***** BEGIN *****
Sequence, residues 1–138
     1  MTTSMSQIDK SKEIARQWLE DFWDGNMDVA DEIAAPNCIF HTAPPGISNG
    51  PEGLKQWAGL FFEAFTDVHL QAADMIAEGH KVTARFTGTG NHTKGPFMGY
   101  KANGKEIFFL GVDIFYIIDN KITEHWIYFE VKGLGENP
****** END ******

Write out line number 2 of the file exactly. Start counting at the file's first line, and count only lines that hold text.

     1  MTTSMSQIDK SKEIARQWLE DFWDGNMDVA DEIAAPNCIF HTAPPGISNG